Is using water to clean recyclables wasteful?
Food, liquids or residues left on items can leak out during transportation and sorting, ruining other recyclables, such as paper and cardboard. Manufacturers need a consistent stream of clean material to create high-quality products.
It is not necessary to thoroughly scrub items; a quick rinse is plenty. Find ways to use water that is already headed down the drain. For example, after washing dishes, use leftover dishwater to quickly rinse recyclables.
Beyond that, water is conserved through recycling. It reduces the need to extract and process virgin (nonrecycled) materials, which saves on water use. Recycling also saves energy, creates Michigan jobs and supports our economy. Quickly rinsing soiled recyclables is a small way to have a big impact!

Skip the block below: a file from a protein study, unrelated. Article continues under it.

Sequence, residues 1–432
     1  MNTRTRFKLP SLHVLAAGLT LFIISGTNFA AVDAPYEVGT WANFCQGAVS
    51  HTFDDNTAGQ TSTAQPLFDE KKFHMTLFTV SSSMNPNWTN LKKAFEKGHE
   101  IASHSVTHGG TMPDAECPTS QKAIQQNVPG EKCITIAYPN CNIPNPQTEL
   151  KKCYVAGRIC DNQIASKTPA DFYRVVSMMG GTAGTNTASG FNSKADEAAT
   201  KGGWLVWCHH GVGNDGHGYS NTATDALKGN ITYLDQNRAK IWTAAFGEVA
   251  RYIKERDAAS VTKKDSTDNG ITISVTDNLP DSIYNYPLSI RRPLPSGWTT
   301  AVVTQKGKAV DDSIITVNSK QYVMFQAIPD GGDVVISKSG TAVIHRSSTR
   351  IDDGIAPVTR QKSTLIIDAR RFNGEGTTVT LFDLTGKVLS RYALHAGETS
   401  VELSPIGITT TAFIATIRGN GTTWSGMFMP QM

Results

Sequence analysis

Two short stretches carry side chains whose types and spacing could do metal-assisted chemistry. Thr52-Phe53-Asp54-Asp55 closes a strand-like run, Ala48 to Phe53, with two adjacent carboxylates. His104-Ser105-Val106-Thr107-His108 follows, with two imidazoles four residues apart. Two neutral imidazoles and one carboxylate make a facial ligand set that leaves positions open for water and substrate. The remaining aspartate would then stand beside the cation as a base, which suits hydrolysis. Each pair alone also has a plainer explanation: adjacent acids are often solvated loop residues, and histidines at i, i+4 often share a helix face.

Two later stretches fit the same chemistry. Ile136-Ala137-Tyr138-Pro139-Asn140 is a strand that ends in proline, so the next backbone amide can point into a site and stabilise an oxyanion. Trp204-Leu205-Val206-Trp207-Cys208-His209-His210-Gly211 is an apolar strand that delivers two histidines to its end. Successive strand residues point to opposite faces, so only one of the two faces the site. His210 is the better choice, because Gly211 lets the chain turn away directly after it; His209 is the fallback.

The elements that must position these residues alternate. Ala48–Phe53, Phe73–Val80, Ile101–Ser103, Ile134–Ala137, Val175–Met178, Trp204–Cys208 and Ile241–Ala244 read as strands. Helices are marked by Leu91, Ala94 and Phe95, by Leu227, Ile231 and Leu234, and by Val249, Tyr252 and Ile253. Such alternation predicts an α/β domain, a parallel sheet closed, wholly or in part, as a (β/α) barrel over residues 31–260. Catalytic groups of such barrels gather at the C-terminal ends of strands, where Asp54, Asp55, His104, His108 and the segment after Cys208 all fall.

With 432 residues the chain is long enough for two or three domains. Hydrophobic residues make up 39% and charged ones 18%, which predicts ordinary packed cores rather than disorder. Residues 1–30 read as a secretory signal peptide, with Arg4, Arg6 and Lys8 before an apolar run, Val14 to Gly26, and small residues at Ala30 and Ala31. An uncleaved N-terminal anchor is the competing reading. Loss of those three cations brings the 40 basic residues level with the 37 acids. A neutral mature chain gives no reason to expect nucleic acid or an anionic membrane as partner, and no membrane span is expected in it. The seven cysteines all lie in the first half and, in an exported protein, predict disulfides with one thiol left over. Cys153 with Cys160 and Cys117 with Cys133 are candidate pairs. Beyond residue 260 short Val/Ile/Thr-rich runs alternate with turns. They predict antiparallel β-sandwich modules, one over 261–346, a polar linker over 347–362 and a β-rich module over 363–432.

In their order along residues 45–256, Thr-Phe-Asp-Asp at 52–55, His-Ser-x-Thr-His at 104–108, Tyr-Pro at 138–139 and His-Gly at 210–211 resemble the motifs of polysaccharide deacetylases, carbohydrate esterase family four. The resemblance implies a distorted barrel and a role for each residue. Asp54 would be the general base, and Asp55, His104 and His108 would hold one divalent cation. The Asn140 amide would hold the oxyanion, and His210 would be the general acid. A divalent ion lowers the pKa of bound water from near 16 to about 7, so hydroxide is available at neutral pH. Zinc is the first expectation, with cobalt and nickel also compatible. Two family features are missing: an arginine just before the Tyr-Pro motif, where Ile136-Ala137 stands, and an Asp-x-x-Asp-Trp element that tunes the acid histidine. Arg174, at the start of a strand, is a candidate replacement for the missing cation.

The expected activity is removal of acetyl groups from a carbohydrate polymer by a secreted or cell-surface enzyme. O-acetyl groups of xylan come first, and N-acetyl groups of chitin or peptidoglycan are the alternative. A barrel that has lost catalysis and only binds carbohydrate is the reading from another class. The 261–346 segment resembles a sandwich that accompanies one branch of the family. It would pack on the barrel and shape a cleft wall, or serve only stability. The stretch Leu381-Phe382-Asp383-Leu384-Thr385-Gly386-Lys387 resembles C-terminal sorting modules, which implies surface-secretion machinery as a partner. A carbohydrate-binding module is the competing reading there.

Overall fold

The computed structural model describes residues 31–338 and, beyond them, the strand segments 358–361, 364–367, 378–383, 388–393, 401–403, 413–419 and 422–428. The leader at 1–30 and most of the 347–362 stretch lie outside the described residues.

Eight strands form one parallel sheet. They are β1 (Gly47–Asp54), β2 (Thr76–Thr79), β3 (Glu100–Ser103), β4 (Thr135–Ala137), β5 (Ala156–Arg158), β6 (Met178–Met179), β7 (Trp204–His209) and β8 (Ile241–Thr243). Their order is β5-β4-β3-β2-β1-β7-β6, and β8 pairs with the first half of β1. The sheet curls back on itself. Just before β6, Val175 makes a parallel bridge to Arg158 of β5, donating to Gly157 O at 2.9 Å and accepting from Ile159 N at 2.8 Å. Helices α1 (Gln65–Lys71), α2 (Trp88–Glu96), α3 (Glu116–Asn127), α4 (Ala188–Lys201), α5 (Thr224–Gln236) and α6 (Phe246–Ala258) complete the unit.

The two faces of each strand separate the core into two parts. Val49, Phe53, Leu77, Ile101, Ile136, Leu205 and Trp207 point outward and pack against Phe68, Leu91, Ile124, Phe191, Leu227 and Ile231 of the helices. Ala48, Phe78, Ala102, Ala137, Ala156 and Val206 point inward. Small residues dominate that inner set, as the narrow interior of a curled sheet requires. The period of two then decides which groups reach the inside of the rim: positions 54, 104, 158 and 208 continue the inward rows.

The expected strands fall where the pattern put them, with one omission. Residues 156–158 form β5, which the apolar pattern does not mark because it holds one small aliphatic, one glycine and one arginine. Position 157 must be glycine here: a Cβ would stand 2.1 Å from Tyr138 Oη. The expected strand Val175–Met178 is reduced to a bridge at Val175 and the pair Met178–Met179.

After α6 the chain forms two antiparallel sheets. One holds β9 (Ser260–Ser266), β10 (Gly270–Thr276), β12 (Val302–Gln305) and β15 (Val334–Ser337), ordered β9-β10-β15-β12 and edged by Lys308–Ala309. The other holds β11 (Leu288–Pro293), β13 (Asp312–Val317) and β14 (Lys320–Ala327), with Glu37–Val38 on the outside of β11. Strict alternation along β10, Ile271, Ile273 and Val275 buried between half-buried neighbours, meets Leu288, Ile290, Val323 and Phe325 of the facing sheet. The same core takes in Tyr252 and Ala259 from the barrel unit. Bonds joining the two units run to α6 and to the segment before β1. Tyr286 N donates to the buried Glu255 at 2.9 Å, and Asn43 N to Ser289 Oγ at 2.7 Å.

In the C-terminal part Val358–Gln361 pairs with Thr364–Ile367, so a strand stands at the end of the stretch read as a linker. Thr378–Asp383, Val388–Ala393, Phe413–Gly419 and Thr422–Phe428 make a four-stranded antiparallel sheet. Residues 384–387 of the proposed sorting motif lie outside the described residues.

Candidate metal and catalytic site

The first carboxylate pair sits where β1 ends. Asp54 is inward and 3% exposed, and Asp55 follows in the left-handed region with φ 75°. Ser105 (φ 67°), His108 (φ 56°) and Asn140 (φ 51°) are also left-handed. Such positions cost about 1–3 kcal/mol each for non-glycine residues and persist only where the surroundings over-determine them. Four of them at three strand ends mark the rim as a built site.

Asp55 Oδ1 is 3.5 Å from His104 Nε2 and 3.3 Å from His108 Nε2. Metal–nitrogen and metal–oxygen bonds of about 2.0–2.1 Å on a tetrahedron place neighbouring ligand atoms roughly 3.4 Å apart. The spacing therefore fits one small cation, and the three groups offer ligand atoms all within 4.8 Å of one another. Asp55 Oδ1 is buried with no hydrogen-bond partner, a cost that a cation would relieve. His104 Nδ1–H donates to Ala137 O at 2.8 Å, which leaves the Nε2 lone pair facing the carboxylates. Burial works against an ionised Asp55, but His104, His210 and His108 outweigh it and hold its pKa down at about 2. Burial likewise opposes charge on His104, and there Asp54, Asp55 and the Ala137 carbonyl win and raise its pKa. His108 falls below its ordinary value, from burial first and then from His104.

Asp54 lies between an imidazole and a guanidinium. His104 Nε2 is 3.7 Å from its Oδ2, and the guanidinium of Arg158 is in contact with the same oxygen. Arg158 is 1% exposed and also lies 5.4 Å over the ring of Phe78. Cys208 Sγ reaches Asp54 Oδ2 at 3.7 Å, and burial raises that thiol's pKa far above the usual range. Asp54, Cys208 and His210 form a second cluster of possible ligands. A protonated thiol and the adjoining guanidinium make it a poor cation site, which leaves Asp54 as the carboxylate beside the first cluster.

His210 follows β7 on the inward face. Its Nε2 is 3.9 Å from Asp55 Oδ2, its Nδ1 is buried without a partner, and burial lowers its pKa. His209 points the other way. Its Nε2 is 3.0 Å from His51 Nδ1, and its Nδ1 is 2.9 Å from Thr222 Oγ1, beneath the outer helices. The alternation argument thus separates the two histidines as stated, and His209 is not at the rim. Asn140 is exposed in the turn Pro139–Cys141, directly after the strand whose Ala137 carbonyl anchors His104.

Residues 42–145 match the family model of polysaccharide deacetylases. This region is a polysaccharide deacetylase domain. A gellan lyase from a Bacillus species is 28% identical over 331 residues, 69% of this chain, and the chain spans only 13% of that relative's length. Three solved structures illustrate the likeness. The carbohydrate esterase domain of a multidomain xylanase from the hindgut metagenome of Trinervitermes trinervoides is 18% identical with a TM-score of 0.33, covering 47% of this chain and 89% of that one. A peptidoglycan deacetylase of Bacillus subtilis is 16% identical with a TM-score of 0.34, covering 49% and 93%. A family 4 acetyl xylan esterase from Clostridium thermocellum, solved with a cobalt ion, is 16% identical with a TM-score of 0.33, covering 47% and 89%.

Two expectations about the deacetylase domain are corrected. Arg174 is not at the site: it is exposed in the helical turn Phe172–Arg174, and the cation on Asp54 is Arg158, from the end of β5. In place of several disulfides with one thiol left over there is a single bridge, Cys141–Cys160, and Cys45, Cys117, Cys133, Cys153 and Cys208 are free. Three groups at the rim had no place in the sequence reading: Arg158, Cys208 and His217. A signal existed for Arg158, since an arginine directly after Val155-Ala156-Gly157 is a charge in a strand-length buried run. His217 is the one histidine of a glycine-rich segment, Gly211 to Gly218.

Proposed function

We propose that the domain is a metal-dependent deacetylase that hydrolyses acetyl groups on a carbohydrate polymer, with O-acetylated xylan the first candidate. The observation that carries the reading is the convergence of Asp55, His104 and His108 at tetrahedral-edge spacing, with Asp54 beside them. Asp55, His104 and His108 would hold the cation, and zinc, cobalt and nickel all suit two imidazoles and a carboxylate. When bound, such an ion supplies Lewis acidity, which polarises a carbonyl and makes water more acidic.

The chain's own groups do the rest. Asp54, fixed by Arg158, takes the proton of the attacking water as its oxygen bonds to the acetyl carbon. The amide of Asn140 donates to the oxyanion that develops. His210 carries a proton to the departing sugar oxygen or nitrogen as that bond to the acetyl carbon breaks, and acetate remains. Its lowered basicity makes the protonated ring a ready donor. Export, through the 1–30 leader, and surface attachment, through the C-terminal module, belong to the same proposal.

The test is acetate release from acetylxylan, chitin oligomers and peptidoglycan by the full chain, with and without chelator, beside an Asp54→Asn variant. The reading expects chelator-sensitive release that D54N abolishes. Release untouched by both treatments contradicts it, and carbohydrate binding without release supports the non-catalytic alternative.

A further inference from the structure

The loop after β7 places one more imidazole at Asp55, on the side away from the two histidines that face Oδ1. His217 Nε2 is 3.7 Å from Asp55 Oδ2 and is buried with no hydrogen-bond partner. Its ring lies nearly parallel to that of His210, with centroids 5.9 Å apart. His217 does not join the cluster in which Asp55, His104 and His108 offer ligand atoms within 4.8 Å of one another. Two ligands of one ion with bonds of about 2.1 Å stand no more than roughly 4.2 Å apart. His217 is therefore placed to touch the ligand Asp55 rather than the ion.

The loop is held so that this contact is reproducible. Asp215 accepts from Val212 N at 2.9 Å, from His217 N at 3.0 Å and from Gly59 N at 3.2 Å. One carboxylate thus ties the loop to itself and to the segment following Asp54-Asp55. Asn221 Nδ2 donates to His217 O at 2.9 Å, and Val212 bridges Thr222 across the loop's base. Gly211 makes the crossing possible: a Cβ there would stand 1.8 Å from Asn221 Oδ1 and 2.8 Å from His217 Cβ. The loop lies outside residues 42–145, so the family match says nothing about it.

Do gas emissions from recycling trucks defeat the purpose of recycling?
Transporting any type of material requires energy, but the process of recycling material has still proved advantageous because it reduces the amount of waste sent to landfills, conserves natural resources, saves energy, reduces greenhouse gas emissions and helps create new jobs – according to the U.S. Environmental Protection Agency.
Natural resources and energy are conserved whenever a recycled material, rather than a raw material, is used to make a product. This is because recycled materials have already been refined and processed once, so manufacturing the second time is much cleaner and less energy-intensive than the first.
For example, recycling aluminum cans saves 95% of the energy needed to make new cans from raw materials, recycling steel and tin cans saves 60-74%, recycling paper saves about 60% and recycling plastic and glass saves about one-third of the energy compared with making products from raw materials. In total, 1 ton of recycled plastic saves 5,774 kilowatt-hours of energy, 16.3 barrels of oil, 98 million British thermal units of energy and 30 cubic yards of landfill space compared with making new plastic.